Michael (20m 57s):
So, I have a PhD in mathematics and then I happened to get into the finance business by, you know, I didn't really know what it was, but I joined a brokerage firm and it was supposed to be a firm that was one of the most sophisticated. And they sent me to conferences of things called Institute for Quantitative Research in Finance. And I have to tell you, I was appalled at the level of mathematics. They don't really understand mathematics. They use the wrong tools for the wrong purposes. So, the math in that field is not good. I would constantly write articles critiquing the math in what's called the top financial journals.
Michael (21m 37s):
Some of them the math is okay but they draw conclusions from the map that simply aren't in the math. They leap to the conclusions that they wanted to leap to in the first place, they write a bunch of mathematics and then they say, "this shows that". Every time they say "this shows that" I want to say "Like hell it does it. Doesn't show that at all. It's just some math."
Phil (21m 59s):
And you reside in Hong Kong. Do you have any, any experience of the local stock market there? The Hang Seng?
Michael (22m 10s):
Not particularly, but I mean, Hong Kong is the world's third largest stock market. But this is embedded in the, for example, the Vanguard Total International Index Fund. So, it will have some of those same stocks, just like the Hang Seng index one. But if, for some reason, you specifically wanted to invest in stocks in this region, the Hang Seng index fund would be a good way to do it. And that would basically include all, all the stocks on the Hong Kong Stock Exchange.
Phil (22m 43s):
Any big differences? I mean, I believe, I may be wrong about this, but they only have numbers rather than ticker codes for companies on the Hang Seng, is that correct?
Michael (22m 52s):
Yeah. Yeah. I mean, I have to tell you, I haven't really gotten involved with this, but yes, they have numbers.
Phil (22m 59s):
Yeah. That must reduce the emotional a little bit because there's so much emotion involved in investing and even the name sometimes is there to market something.
Michael (23m 13s):
Yeah. I don't know whether that's true. There are different versions of the same company's stock available in the mainland and to external investors. Well, China has, you know, it just so happens, they have a much less developed stock and bond markets than the United States. The United States has the largest stock market, but China's is not very well developed yet.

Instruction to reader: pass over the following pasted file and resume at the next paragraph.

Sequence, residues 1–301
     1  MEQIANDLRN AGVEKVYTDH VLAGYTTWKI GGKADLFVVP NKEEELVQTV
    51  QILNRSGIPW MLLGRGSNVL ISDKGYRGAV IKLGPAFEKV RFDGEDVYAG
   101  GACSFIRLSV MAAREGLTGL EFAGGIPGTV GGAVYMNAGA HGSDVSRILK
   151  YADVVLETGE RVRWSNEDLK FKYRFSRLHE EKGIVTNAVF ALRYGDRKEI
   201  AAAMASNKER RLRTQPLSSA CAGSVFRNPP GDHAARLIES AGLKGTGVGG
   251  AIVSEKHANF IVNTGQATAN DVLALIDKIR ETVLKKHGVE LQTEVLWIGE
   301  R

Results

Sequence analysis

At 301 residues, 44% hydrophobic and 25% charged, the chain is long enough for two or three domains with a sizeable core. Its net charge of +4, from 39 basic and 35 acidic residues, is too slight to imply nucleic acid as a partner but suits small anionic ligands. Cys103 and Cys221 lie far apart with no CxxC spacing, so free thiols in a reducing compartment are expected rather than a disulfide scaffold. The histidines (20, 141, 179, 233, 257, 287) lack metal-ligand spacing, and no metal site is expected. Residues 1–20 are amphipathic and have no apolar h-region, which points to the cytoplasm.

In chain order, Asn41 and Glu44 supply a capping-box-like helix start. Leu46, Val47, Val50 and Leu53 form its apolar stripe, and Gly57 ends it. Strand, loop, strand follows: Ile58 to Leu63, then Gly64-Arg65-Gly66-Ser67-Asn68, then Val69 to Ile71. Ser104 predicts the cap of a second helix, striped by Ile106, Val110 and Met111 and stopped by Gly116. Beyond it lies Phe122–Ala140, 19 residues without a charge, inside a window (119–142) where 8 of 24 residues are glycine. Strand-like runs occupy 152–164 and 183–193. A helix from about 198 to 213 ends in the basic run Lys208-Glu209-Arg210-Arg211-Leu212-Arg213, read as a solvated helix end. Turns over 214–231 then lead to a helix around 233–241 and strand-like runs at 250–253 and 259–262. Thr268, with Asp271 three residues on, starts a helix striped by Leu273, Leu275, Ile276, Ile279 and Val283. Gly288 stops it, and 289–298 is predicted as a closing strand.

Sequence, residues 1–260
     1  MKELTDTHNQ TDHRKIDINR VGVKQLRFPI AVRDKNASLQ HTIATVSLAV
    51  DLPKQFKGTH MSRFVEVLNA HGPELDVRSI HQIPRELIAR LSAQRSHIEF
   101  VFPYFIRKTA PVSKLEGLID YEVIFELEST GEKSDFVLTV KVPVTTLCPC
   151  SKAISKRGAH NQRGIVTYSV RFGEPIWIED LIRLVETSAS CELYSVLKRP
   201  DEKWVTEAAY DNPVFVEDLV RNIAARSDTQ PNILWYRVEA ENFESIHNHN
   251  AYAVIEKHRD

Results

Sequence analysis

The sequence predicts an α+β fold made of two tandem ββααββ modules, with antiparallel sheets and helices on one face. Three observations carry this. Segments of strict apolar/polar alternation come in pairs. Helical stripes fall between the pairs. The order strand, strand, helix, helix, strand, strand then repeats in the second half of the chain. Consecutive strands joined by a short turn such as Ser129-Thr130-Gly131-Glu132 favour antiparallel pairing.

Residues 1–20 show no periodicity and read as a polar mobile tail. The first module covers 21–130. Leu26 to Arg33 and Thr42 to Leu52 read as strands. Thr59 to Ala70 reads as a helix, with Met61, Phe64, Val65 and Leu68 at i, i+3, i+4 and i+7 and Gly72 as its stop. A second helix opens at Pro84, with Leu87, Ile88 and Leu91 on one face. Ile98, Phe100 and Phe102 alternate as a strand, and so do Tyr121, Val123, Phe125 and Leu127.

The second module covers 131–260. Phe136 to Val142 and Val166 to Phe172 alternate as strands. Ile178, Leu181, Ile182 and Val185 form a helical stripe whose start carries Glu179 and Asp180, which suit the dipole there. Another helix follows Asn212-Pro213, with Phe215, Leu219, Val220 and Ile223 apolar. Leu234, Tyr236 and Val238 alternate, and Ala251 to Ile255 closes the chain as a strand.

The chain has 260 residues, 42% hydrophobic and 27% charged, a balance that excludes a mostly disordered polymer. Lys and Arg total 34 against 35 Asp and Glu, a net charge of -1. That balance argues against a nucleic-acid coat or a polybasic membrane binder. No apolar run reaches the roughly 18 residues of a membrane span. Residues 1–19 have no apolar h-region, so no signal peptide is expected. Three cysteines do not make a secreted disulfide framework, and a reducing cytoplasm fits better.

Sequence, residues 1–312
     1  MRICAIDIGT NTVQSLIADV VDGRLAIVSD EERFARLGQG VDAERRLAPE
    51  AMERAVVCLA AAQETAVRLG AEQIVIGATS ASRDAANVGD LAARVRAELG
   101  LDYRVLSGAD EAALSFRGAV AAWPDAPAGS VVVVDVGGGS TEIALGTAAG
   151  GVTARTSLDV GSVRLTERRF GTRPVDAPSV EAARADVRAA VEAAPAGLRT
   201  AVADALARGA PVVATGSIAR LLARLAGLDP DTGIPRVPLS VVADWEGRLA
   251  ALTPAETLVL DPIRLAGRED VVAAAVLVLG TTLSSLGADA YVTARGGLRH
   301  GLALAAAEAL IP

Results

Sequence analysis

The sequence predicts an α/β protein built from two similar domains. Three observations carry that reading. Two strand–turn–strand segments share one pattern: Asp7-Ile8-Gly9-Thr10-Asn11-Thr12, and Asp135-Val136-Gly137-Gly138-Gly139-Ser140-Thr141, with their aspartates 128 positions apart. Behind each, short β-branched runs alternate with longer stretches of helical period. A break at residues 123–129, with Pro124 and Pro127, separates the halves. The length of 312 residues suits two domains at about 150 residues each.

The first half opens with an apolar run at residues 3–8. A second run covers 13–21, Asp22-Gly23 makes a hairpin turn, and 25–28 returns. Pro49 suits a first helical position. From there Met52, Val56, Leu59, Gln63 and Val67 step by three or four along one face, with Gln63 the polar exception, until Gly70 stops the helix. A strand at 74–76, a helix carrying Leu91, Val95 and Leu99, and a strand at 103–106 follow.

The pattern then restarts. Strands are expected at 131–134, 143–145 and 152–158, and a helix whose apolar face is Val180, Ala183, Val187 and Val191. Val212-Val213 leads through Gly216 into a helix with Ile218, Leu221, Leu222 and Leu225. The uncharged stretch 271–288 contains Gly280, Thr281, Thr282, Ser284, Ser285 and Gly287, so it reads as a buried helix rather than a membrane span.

Phil (23m 41s):
Let's talk a little bit about your work with M1K. And again, we're talking about ESG here.
Michael (23m 51s):
Not really. No, no, no. Well, the principal partner in M1K, a guy named Pascal Schoenberg, he used to work for JP Morgan Chase and others. And his expertise is in something that truly is a useful financing and you could put it in the ESG category but, like, nobody knows about it except a whole bunch of insiders. And that is providing the financial capital for solar and wind farms, solar PV farms and wind farms. And that gets quite complicated to like so many other things because of the tax rules.
Michael (24m 37s):
So, he's particularly an expert on something called tax equity, which is a long story I won't get into, but it provides the ability to build solar energy installations and wind farms. And some of it gets quite interesting and explains how some of these companies like Apple and Microsoft and so forth can resolve to reach net zero emissions is because they, with something called the virtual power purchase agreement. They can buy the so-called environmental attributes of a project. And that means they're buying the renewable energy credits of a project.
Michael (25m 22s):
They do this in large part, of course, to say, they invest in renewable energy. And they're not exactly investing it because there's also other investors needed to build the project, but they do help to enable the project to go ahead. And part of the deal in a VPA is that they guarantee a constant flow of income to the project, which it can't be sure of because electricity prices fluctuate, but where the guarantee of a constant flow of revenue, they can go to a bank and get the additional financing they need.
Michael (26m 3s):
So, it's a very useful thing. I mean, it's so far from what most people understand is ESG investing, which is just all about investing in the secondary market, which doesn't do anything to fund solar and wind. It's just people trading among themselves stocks in companies that have already gotten their money.
Phil (26m 28s):
Oh, that's interesting. So, are you saying then that the ESG market is enabled by companies like this who by becoming customers and by providing the cashflow to other companies that are providing renewable energy, that there's like this market that exists that most people are unaware of?
Michael (26m 47s):
Yeah. I think most people are unaware of this direct financing of solar and wind energy projects. I mean, I don't anybody in that area particularly calls it ESG because they don't need to, they're not marketing to the general public. But of course, it contributes to a reduction of the carbon dioxide emissions.
Phil (27m 6s):
So, if listeners want to find out more about you, Michael, and your work, how can they find you?
Michael (27m 14s):
Well, I write a lot of articles, more of my articles appear in an online journal called the Advisor Perspectives than anywhere else. And they cover the various topics that I've talked about here. More of them are about finance than about anything else. Some of them get quite technical and mathematical in finance, but the ones that are the most technical tend to be the ones that show how wrong the articles in the financial journals are. So, they're kind of like counter mathematical finance articles.
Phil (27m 57s):
So, you're kind of a mathsbuster.
Michael (27m 60s):
Yeah. You know, who's that magician who liked it, he liked to debunk other magicians? I forget his name. Oh yeah, Randi, the magnificent Randi.
Phil (28m 8s):
Yeah, James Randi, that's right. And he was famous for busting Uri Geller and his spoon bending.
Michael (28m 13s):
Phil (28m 13s):
Michael Edesess, thank you very much for joining me today. It's been a great pleasure chatting with you.
Michael (28m 19s):
Thank you. My pleasure.